(So, the first part of this post may make you hungry, whereas the last part will probably make you gag, so I don't really have any recommendations on whether to read it before or after eating. The choice is yours.)******************************
When we were on holiday in Vancouver many years ago, my mother gave me this stoneware cooking pot as a gift.
I think it's so pretty - it was handmade in a pottery studio in B.C. by a couple of potters who will make you just about anything in any colour you desire. They run a great business and Mum has crossed their palms with silver many, many times.
The design is based on the steaming pots created in the Yunnan province in China and can apparently be used in a variety of ways. Once upon a time I even had a little photocopied recipe/instruction booklet that came with the pot, but don't ask me where that disappeared to.
The hollow funnel in the middle of the pot allows the steam to rise and cook food very gently without it being exposed to direct heat. I have to admit that the only thing I've used the pot for so far is cooking vegetables, but the other day I got the urge to try something new and turned to the internet for ideas. Much to my surprise, there weren't very many, but I did manage to come up with a recipe (OK, it was really a couple of recipes that I combined to suit my needs) that turned out very well - chicken soup Chinese style. And we're using the term 'Chinese' very loosely here because I have no idea how authentic this soup would be.
Chinese Chicken Soup
1 whole chicken, about 3 - 3 1/2 lbs, washed and cut in 8-10 pieces
8 Chinese or Japanese shiitake mushrooms, rinsed and soaked in 1 cup hot water for 20 -30 minutes, or until soft (reserve soaking liquid)
5 green onions cut into two inch lengths
5 thin slices fresh ginger, peeled
1 cup chicken broth
1 T soy sauce (or to taste)
Squeeze soaked mushrooms dry and cut into quarters, discarding tough stems. Bring a large pot of water to a boil and blanche chicken pieces for one minute. Remove with slotted spoon and place in Yunnan cooker, sprinkling mushrooms, scallions and ginger over top of chicken. Combine strained mushroom soaking liquid, chicken broth, 1 cup water and soy sauce and poor over chicken. Cover pot tightly and place over a large saucepan of boiling water. Steam for about 2 hours at medium heat, replenishing water when necessary.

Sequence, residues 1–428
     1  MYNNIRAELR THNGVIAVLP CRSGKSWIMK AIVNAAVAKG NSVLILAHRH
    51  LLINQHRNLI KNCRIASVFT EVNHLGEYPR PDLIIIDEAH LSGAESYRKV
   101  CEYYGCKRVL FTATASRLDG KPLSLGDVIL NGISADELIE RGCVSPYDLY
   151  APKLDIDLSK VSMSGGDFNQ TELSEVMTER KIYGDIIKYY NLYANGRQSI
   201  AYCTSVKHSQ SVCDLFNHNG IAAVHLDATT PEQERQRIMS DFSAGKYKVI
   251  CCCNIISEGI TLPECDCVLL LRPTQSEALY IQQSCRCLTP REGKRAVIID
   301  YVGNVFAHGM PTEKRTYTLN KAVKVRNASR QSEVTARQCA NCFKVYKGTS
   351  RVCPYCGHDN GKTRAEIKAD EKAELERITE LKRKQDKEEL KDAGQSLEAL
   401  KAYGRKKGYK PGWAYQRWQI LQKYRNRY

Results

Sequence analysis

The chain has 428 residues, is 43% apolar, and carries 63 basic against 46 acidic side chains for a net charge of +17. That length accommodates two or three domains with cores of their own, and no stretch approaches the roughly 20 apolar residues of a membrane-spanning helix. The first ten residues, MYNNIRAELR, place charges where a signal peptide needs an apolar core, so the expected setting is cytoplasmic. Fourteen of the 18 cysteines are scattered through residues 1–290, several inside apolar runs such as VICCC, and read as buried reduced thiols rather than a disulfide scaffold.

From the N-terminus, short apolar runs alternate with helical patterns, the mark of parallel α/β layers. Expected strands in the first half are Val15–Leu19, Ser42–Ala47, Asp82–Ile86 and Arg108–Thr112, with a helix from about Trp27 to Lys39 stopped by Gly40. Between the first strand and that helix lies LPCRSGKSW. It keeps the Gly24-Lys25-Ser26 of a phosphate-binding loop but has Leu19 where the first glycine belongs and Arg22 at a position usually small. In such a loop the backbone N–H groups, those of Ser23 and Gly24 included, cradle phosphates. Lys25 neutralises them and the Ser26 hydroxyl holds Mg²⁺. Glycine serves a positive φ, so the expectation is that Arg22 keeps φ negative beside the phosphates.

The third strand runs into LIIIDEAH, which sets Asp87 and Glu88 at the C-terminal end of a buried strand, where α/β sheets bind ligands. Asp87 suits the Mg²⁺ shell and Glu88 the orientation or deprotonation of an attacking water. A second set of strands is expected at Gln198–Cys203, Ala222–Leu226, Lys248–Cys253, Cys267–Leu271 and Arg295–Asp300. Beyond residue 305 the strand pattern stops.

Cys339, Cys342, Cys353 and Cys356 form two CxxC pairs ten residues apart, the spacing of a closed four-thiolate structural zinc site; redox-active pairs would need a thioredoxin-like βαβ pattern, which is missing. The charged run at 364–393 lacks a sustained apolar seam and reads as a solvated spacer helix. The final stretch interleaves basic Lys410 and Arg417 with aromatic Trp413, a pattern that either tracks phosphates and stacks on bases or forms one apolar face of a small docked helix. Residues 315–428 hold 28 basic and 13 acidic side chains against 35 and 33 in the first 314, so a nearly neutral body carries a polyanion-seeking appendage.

When chicken is tender, remove it from the pot and discard the skin along with ginger. At this point you can either return the chicken to the soup or serve it separately with a dipping sauce. Because the soup is steamed or 'double boiled', it's clearer and has a much fresher flavour than a soup that been cooked in pot directly on the stove.
This was really, really good. I didn't want to use a whole chicken, so I used some cut up legs and a couple of breasts. Next time I think I'm going to use bone-in thighs only, because they tasted the best and were the most tender. The chicken isn't very pretty to look at , but the flavour is wonderful, and the soup will make you sing. Sliced Chinese cabbage and a bit of rice wine can be added to the dish before cooking if desired. You can also do this by placing a regular pot on a rack in a larger pot of boiling water and cooking on top of the stove in the same way.
So, speaking of chicken, here's the disgusting part. Along with mad cow disease, swine fever and bird flu, Germany has recently had its share of other Fleischskandale - meat scandals that you might not have heard about because they try to keep a lid on these things.
Earlier this year it was discovered that a large, well-known supermarket had been repackaging meat, especially ground meat, which is so succeptable to spoilage, and selling it way past its use by date. Uck.
Then there was the thing a month or so ago where Fleischabfällen - literally 'garbage meat' as in "not fit for human consumption" was re-labeled and sold to various companies who unknowingly used as a filling for ravioli, tortellini and the like. Eeew.
And this week it's all about the chickens. Some crazy company has reportedly been repeatedly freezing and thawing close-to-rotten chicken parts and attempting to sell them as fresh meat with a huge health danger to the consumer. Tests showed that much of the poultry that was confiscated and tested was contaminated. Mmm...salmonella anyone? The factory doing this has now been shut down, but a lot of chicken had already gone into circulation, mostly in Berlin and Saxony, and was used for making liverwurst and Putendöner - a turkey/chicken sandwich commonly served at Turkish snack bars. Gahhh.
I saw a guy being interviewed on TV who said that hygeine standards and food inspection rules for meat processing plants haven't changed in Germany since the 50's and that this kind of thing is rampant. Living here really freaks me out sometimes. You just NEVER know what you're eating and no one seems to care as long as someone makes a buck. Horrifying if you ask me.